On 2nd April 1854 Paul married Sarah Ann Gibson at St John’s, Halifax, and it’s through her that I am connected to the Taylor family. Her brother Thomas, a butcher, was a witness at their wedding.  Sarah Ann is Joshua Gibson’s daughter and had grown up at The Bull Inn where her father was the landlord until he took his own life in 1858. During the next 16 years Paul and Sarah Ann had ten children. At some point, perhaps when they got married, they moved down into the valley and settled in Hebden Bridge  for in 1861 they are running a beerhouse on Bridge Lanes just steps away from The Bull Inn. Besides running the pub Paul is also a slater, just like his father.  Living with them is Sarah’s brother Richard Gibson, a machinist and millwright, who, like his father, would take his own life, as  would his wife Rose causing  the newspaper to headline the column  ‘Is suicide hereditary? ‘ [4] In the 1871 census Paul is listed as both  a beershop keeper and slater – reflecting his previous and current businesses. Their son John, 16,  is a cotton weaver and  daughter Sarah, now  14,  is a sewing machinist. This is highly significant because she would marry Richard Redman because she played a pivotal role  in the establishment of Redman empire, a highly successful international sewing company whose story is told in another chapter.  Richard, 12, mule piecer as is his brother Willie, aged 9!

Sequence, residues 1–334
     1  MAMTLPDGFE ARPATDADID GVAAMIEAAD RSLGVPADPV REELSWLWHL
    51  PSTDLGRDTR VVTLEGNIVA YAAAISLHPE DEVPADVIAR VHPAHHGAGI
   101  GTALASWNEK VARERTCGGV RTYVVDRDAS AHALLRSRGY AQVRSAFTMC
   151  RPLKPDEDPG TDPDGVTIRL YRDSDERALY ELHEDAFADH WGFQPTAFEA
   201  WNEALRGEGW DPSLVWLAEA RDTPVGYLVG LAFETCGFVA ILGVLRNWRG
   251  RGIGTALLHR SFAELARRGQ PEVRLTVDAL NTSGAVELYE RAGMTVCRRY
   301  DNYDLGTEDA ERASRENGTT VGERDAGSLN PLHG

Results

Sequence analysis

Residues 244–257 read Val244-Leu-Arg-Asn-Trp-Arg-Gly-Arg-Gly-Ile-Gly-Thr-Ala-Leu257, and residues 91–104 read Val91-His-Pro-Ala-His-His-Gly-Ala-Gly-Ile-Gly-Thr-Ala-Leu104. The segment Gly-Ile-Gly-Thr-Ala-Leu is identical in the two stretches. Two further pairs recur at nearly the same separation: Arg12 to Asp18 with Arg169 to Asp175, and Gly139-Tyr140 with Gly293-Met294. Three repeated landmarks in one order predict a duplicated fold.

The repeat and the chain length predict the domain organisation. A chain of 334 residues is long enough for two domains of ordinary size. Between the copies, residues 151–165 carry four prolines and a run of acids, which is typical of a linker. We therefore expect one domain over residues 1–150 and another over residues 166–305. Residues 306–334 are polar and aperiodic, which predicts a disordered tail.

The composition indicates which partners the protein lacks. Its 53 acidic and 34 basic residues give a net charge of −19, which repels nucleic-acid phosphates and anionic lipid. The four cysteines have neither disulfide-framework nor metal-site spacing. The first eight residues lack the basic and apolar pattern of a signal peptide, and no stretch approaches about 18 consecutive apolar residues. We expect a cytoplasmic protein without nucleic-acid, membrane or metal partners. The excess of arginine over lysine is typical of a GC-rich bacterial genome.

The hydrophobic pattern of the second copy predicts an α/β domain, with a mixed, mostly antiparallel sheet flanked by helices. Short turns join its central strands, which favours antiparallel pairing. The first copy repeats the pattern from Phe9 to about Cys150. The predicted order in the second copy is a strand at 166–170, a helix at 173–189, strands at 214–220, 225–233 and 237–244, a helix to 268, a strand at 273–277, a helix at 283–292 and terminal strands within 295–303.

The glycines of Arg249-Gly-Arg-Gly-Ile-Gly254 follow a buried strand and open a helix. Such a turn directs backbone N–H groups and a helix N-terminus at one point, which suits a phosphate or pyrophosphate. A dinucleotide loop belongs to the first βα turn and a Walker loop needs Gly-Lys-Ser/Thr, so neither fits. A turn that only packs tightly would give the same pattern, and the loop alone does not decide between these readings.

Fox and Goose

But which pub were Paul and Sarah Ann keeping? The tightly packed community known as Bridge Lanes was a conglomeration of streets connected by stone steps on the West end of the town centre, demolished in the 1960s and there is little left of details of the area. However, the earliest reference to a named pub that the Taylors ran was in 1875 when they were keeping The Fox and Goose. Oh my. When the floods of February 2020 in Hebden prevented me from accessing my home after playing the organ for the service at Heptonstall church I sought refuge in The Fox and Goose, primarily because its location is slightly elevated from the centre of town and was therefore above water! Along with other refuge seekers, some visiting the town on holiday, I was provided with warm food and as much tea as I could cope with. I was so grateful. What a surprise to find that my ancestors had been the landlord here 145 years before. I hope they were as kind and inviting to their customers as today’s landlord is. I later found a reference in a local paper that the Taylors had been running the Fox and Goose for 42 years when the article was written in 1899, placing the Taylor family as residents there from 1857. [5]